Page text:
The announcement of the course is likely to revive curiosity around the Russian inquiry, which Trump repeatedly derided as a “witch hunt” and of which Mueller has seldom spoken publicly. He was a reluctant witness during a closely watched congressional hearing in July 2019, where he testified for nearly seven hours, giving many clipped answers and largely not straying from his report’s conclusions.
Last summer, Mueller wrote an opinion essay for The Washington Post the day after Trump commuted the prison sentence of his longtime friend Roger Stone, a political operative. In the essay, Mueller defended the prosecution of Stone for federal crimes as part of the Russia inquiry.
“We made every decision in Stone’s case, as in all our cases, based solely on the facts and the law and in accordance with the rule of law,” Mueller wrote.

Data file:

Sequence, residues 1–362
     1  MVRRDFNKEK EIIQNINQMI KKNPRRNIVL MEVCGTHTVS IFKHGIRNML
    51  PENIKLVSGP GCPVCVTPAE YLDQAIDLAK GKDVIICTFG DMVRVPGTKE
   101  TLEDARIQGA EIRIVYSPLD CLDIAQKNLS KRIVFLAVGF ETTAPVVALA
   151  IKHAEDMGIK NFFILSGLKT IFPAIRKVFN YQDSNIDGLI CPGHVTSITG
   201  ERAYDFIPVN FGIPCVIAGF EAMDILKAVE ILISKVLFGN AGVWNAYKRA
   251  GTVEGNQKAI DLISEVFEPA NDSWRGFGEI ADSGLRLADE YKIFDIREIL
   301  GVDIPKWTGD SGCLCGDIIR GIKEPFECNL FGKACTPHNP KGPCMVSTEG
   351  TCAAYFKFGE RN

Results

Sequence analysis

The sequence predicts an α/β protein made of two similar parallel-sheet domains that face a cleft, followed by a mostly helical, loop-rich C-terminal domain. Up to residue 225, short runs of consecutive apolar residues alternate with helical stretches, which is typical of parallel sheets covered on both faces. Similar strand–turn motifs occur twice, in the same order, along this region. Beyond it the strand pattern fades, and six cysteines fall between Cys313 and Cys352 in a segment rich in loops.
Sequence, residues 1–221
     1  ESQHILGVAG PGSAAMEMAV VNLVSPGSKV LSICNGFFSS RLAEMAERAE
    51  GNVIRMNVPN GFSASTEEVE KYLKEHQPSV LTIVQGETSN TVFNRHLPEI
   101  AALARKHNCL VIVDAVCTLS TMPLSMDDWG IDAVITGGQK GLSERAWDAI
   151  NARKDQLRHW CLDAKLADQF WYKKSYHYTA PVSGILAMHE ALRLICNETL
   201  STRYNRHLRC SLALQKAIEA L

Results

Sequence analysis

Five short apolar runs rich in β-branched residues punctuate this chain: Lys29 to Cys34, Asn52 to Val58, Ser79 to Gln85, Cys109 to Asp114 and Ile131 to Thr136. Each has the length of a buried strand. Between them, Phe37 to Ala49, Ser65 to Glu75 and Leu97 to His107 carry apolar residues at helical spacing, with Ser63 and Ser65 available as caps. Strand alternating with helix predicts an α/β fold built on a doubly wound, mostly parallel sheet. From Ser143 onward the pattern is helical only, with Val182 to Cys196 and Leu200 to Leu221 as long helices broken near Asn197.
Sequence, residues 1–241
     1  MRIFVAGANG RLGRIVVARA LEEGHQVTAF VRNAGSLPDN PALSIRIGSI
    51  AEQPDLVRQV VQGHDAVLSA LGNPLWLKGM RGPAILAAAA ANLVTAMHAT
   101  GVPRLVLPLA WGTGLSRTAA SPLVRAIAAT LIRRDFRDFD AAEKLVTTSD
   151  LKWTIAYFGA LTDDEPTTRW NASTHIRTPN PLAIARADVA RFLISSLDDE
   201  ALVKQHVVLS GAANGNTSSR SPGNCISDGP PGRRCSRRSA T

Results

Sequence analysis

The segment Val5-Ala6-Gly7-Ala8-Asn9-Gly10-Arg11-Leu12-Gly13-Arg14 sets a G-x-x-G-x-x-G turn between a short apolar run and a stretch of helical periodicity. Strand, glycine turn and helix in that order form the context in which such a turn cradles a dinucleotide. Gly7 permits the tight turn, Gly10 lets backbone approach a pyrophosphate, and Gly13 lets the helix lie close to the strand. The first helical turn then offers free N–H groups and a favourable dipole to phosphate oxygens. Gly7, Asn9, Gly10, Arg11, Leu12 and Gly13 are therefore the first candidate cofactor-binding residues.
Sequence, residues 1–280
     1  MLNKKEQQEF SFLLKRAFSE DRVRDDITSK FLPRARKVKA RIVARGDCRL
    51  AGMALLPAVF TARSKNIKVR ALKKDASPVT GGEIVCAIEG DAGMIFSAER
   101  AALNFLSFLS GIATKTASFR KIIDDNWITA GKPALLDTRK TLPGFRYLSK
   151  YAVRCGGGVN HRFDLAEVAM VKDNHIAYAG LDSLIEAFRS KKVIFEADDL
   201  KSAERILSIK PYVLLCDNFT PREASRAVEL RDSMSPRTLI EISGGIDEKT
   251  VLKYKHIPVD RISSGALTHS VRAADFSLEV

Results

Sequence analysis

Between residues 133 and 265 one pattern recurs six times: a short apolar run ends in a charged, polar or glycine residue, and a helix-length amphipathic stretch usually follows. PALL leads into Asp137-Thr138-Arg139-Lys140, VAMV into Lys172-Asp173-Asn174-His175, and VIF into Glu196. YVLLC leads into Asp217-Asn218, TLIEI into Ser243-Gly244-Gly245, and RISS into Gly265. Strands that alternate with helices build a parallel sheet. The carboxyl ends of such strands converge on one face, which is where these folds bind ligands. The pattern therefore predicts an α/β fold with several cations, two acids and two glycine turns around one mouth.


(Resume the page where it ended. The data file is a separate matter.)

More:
Zebley told the University of Virginia the course instructors would rely on public records to explain the path of the investigation.
After the inquiry ended, Mueller, Zebley and Quarles left the Justice Department and returned to the private law firm WilmerHale in Washington, where they are partners. Goldstein is now a partner at the firm Cooley in Washington. Mueller and Zebley are both alumni of the University of Virginia’s law school.
All four lawyers had notable careers at the Justice Department and said they were looking forward to sharing those experiences with students, according to the university.
“I look forward to engaging with the students this fall,” Mueller said.
This article originally appeared in The New York Times.